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Elizabeth Strout’s triumphant Lucy by the Sea relives Covid pandemic at a safe distance

Sequel to Booker Prize shortlisted Oh, William! weaves in big US events such as the killing of George Floyd and the Joe Biden vs Donald Trump election

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Elizabeth Strout deftly weaves into the narrative the earlier plotlines. Photo: Leonard Cendamo

Elizabeth Strout deftly weaves into the narrative the earlier plotlines. Photo: Leonard Cendamo

'Lucy by the Sea' is an interesting reflection on isolation and loneliness

'Lucy by the Sea' is an interesting reflection on isolation and loneliness

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Elizabeth Strout deftly weaves into the narrative the earlier plotlines. Photo: Leonard Cendamo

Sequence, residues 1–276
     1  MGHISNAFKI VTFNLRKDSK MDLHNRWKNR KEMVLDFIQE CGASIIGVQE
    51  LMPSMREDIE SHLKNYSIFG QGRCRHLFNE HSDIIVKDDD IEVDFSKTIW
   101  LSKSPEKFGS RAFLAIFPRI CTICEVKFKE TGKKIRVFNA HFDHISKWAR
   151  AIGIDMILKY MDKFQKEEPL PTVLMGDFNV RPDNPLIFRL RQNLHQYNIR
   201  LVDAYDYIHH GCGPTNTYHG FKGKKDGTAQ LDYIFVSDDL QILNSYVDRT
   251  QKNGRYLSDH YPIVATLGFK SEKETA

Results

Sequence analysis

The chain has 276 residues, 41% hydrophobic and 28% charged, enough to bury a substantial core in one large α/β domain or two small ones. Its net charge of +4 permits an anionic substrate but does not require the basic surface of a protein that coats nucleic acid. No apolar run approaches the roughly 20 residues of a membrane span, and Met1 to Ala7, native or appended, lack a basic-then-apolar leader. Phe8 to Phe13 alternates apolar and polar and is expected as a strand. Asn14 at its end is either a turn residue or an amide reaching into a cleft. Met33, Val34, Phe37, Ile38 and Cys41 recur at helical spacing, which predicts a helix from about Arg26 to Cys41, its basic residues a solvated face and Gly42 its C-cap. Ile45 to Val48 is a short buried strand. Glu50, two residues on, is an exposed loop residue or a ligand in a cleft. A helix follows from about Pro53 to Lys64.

Towards the end of Lucy by the Sea, Elizabeth Strout’s latest novel, the eponymous Lucy observes: “We are all in lockdown, all the time. We just don’t know it, that’s all”.

The preceding 284 pages are such an accurate, albeit fictional, account of year one of the pandemic that there will be people who can’t bear to read this book and relive those 12 months. But such are the many universal truths contained within its pages – such as the above quote – that it would be a shame to dismiss it.


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